PEI

Blue whale surfacing from P.E.I. beach

A team of researchers from the University of British Columbia have begun the mammoth job of digging up a blue whale buried on a western P.E.I. beach in 1987.

A team of researchers from the University of British Columbia have begun the mammoth job of digging up a blue whale buried on a western P.E.I. beach in 1987.

'It just keeps going and going,' says team leader Andrew Trites as the blue whale is uncovered. ((CBC))

The whale washed ashore at Nail Pond in 1987, and was rediscovered by the researchers last fall. The plan is to display the skeleton in a special case outside a new biodiversity museum in Vancouver.

"It's just an incredible adventure," team leader Andrew Trites told CBC News Thursday.

"Finally we're here and we've started, and even now I'm realizing how big a job it is."

Blue whales are the largest animals that have existed on Earth, larger than any dinosaur or any of the massive reptiles that swam the seas when dinosaurs ruled the land. The Nail Pond whale was a female, 27 metres long.

The exhumation of the huge carcass is being done with great care.

"We want to be careful that we don't miss anything, we don't break bones or lose things," said team member Mike deRoos.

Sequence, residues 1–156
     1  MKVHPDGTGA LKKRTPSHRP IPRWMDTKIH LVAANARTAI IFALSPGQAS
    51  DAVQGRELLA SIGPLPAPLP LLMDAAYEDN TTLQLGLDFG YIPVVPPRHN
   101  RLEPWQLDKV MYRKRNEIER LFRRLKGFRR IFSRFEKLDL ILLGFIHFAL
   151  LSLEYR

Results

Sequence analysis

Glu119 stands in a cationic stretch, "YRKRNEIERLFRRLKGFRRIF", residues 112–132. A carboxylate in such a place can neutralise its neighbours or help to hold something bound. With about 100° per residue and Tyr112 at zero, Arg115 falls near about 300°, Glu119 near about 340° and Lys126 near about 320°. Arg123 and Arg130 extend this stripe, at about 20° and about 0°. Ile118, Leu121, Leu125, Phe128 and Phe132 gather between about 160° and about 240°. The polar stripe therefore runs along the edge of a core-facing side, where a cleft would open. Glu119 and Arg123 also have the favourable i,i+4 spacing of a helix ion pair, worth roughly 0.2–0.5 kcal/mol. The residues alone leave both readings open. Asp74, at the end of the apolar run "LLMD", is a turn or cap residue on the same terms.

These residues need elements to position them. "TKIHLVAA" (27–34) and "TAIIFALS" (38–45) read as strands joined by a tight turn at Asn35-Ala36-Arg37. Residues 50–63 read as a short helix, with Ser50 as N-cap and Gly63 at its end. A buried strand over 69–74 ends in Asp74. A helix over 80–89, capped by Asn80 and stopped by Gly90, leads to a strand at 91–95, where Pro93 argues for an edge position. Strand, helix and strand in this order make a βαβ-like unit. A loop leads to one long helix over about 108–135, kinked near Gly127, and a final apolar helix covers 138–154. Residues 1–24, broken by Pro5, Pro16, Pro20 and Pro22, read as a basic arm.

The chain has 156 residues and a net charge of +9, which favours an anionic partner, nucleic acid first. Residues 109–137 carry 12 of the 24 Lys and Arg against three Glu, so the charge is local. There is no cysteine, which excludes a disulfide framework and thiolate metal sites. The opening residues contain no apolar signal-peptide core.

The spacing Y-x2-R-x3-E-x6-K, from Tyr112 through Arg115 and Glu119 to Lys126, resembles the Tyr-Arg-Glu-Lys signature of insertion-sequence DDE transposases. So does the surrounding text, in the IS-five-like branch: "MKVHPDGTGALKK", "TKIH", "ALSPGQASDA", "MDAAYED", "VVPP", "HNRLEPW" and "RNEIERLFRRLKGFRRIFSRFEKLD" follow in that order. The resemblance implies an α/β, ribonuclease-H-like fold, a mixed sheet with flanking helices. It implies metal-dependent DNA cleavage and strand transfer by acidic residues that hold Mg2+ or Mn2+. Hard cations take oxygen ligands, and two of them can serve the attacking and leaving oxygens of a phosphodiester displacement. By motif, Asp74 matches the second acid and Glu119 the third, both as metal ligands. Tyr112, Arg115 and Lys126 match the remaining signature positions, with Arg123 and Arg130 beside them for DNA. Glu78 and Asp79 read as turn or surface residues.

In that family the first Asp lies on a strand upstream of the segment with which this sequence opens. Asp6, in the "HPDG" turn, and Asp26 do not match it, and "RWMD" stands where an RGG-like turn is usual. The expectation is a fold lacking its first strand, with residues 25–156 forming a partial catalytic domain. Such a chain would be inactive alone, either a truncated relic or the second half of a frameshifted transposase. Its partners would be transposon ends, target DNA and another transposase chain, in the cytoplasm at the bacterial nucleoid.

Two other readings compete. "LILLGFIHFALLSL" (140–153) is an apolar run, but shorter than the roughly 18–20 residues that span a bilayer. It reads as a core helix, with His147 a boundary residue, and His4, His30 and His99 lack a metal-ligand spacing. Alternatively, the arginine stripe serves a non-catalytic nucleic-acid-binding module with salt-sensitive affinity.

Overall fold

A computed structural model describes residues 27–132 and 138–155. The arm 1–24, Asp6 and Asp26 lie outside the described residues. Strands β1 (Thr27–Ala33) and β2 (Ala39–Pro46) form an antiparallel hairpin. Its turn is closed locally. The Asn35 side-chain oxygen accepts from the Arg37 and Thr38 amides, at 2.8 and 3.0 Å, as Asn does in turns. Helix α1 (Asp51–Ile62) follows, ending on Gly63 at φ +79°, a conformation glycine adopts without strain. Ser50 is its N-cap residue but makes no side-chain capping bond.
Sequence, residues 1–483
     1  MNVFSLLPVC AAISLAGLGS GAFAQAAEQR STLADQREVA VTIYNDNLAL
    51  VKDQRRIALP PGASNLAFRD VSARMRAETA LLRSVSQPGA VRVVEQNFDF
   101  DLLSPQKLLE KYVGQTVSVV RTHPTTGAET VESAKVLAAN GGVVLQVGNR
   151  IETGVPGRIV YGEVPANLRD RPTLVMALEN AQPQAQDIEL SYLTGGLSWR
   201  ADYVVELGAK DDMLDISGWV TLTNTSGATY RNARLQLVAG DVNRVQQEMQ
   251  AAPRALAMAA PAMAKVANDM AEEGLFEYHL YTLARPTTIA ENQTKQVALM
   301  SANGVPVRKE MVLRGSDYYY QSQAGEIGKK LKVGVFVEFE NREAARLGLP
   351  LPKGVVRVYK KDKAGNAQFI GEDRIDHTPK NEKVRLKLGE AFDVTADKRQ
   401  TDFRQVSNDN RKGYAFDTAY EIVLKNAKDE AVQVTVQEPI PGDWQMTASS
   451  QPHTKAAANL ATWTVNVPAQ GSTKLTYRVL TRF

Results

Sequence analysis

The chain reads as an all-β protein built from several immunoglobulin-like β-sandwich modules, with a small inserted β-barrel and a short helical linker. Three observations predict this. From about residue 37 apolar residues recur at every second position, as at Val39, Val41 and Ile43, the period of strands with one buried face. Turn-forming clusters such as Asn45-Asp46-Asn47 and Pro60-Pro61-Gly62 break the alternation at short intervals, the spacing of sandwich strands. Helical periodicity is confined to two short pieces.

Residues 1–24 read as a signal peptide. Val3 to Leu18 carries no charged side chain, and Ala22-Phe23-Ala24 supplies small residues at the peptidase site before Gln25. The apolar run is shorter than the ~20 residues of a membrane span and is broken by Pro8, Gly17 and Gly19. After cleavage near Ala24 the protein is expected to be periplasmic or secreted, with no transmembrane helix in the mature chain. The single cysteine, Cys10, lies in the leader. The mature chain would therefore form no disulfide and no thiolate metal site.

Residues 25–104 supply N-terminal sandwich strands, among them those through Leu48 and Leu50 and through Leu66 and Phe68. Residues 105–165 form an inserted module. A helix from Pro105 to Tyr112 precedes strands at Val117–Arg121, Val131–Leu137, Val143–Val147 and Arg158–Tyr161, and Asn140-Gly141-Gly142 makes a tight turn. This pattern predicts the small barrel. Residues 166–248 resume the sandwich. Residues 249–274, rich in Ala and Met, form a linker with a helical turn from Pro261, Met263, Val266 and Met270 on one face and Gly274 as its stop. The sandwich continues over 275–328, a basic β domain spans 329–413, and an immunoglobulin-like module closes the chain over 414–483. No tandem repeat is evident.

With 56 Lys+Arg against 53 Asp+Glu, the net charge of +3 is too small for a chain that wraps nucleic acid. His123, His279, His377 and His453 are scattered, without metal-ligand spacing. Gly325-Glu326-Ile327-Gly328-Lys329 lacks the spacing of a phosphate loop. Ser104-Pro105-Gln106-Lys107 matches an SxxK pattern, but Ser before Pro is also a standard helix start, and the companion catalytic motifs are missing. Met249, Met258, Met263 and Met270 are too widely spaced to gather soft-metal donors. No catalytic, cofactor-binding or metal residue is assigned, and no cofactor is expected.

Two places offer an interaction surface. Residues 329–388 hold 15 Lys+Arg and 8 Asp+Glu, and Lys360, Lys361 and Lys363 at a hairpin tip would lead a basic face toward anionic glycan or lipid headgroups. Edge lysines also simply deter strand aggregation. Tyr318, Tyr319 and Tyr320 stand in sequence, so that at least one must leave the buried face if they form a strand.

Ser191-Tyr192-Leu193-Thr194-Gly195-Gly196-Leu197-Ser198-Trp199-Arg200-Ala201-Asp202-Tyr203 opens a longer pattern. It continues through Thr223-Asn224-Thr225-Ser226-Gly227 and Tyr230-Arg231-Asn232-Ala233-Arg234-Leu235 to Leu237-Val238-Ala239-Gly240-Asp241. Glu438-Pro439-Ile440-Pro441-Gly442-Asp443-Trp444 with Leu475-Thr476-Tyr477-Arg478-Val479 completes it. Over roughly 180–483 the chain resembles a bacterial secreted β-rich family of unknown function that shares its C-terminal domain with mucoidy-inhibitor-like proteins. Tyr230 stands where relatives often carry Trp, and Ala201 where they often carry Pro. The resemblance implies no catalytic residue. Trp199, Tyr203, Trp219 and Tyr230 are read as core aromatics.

"Everything has to be catalogued as we bring it out of the pits."

Bluish skin is still visible on the tail vertabrae. ((CBC))

The job began with an excavator that dug a large trench alongside the whale, and is continuing with hand shovels. Conditions are far from ideal. With the wet spring the trench bottom has filled with water. Researchers are also dealing with another surprise: even after 20 years, much of the flesh and blubber still clings to the bones.

"We can clearly see these vertebrae from the tail region showing through, and you can also see this very bluish tinged skin," said Trites.

"A lot of the fat and tissue is still there, so it's quite surprising that after 20 years in the ground that so much of the whale is still here."

Although intellectually astonishing, the 80 tonnes or so of flesh creates an incredible stench around the project site. Researchers said the lack of bacteria and oxygen underground helps explain how well the whale has been preserved.

Despite the stink, Trites cannot contain his excitement as the full extent of the animal emerges.

"It's truly remarkable to see something this big," he said.

"When you're here and you look at it and you start seeing it being uncovered you say, 'Gosh it just keeps going and going.'"

Students from UPEI and Holland College joined the dig Friday, which will continue into the weekend.

There are currently only four other blue whale skeletons on display in North America.

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